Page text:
All Aboard the Grain Train

Ceres Midland takes us on a tour of their operation and lets us drive a train!

C

eres Midland is about progress. You can see the evolution of the business as you drive along Swayzee Road in Sims, Indiana, as the grain bins tower over the landscape, sentinels of the past. Dave Bettegnies started the business in 1973. History is proudly displayed in the office, in photo frames, and in the stories told by the family. Over the years, he's grown the operation, adding 2 more locations and investing in new bins, updated technology for weighing and moving the corn and grain, and purchasing a locomotive a few years back to help move the cars onto the track for pick up.

When it’s time to move the corn, a bulk weigher determines how much goes into each train car at a time. A scale measures out approximately 12,000 lb. per drop. Of course, trucks also come in and out of the elevator both dropping off and picking up loads. For someone who isn’t all that experienced in how this all works, the mechanics are complex and precise.

All grain that comes into Ceres Midland is locally purchased from grain farms in the area. Ceres Midland, being an agricultural business, sees its busiest season during the harvest, when the staff puts in well over a 80 hour work week. Kenneth Bettegnies, Dave’s son, is up every few hours, testing the moisture in the corn and beans being stored. One of the many stops on a corn kernels journey to the storage bin is a corn dryer. If the corn is holding over 15% in moisture, storage becomes impossible. Properly dried and stored corn, on the other hand, is good for a year and half in storage. In the same way, grain that is dried and kept cool by the fans in the bin will keep for a couple of years. Even in the heat of summer, the corn being shipped out leaves the storage bin at 30 to 32 degrees Fahrenheit.

When the team from First Farmers visited Ceres Midland, we were lucky enough to arrive at the same time as a truck, coming to pick up some corn. There’s a large scale outside of the office on the driveway. The truck is weighed upon arrival, and then again when it leaves. Over lunch, Dave shared the history of the company. It’s a family business, spanning three generations: Dave and his wife, Kim, Dave's son Kenny, and Kenny’s son, Sam. They know the ins and outs of their operation, and after years of work, the mechanics of the business have become almost instinctual.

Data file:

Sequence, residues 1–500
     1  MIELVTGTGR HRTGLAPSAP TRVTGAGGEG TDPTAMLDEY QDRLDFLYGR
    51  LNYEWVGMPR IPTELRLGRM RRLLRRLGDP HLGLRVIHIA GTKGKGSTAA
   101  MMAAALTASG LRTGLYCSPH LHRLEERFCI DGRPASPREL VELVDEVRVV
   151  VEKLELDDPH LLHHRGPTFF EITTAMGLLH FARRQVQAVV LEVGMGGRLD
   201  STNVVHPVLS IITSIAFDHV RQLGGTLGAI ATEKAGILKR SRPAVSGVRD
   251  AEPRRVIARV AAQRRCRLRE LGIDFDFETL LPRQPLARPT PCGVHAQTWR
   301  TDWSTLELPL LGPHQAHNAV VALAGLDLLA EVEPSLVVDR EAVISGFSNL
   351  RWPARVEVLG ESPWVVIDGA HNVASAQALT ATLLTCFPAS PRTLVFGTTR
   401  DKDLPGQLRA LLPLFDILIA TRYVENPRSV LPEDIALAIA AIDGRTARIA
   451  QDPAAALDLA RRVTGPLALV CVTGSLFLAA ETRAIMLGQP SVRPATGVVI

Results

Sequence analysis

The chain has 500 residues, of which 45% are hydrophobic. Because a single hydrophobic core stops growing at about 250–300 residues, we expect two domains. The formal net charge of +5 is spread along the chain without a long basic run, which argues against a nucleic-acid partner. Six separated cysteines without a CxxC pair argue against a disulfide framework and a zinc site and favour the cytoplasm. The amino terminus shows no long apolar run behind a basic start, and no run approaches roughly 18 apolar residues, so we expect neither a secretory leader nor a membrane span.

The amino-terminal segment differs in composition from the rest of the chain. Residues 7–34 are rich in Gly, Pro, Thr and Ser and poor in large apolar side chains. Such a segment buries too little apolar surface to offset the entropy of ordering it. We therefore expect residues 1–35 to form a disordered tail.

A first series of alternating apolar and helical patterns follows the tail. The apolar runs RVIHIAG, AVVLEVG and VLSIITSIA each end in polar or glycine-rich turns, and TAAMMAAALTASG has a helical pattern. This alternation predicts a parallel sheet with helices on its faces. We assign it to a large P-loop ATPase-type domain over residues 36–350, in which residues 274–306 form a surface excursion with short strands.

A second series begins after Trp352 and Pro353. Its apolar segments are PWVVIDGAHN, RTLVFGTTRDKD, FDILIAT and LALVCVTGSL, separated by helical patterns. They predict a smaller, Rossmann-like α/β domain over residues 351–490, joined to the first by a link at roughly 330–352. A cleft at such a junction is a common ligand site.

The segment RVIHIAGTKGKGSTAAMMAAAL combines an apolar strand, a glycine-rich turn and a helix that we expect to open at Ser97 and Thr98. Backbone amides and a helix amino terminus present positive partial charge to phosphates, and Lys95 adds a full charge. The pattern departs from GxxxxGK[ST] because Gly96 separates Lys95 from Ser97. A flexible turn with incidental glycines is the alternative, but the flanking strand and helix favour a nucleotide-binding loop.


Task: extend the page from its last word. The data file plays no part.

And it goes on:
After lunch, we joined Kenny on a short trip on the locomotive. Despite his better judgment, he did let the team take a turn in the driver’s seat. Nothing makes you feel like a little kid again quite like moving a train up and down the track. The kids in the community do sometimes stop by to take a look at the locomotive, and the youngest members of the Bettegnies clan are no stranger to the blue engine.

Michael Belcher has been working with the family since 2008 as a commercial lender at FFBT, and he’s known them much longer than that. It’s been his privilege to see the business continue to grow and thrive. After the train ride, we all headed over to the South Point elevator, which is the Ceres Midland operation located in Point Isabel, a short 10 minute drive from the main operation. Since the Bettegnies purchased this elevator in 1991, they have added 4 storage bins and more than quadrupled the storage capacity. Kenny showed us how the corn travels from drop off into the final storage bin, a trip that takes approximately 3 minutes. Advances in technology have helped make all of this possible, but the most important piece of this operation is still the dedication of the people who work here. Working so closely with the land and being so tied to the seasons leaves an imprint on a person’s character. It’s a mix of the pride that comes from working with your hands, building and nourishing your community and the humility that comes from recognizing what a blessing it is to be able to do so. This was evident at Ceres Midland, and we’re honored to call these people customers and friends.

It was a hot day to tour a grain elevator, but it was well worth the trip. Thank you to the whole crew at Ceres Midland for letting us come see a small part of your operation.

Written By: Jessica Rolph

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